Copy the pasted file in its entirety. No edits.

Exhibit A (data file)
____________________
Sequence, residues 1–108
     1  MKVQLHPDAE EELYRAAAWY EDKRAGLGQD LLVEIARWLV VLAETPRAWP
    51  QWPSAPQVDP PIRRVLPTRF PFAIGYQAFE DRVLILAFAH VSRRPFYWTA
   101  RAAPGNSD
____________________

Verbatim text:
Sequence, residues 1–108
     1  MKVQLHPDAE EELYRAAAWY EDKRAGLGQD LLVEIARWLV VLAETPRAWP
    51  QWPSAPQVDP PIRRVLPTRF PFAIGYQAFE DRVLILAFAH VSRRPFYWTA
   101  RAAPGNSD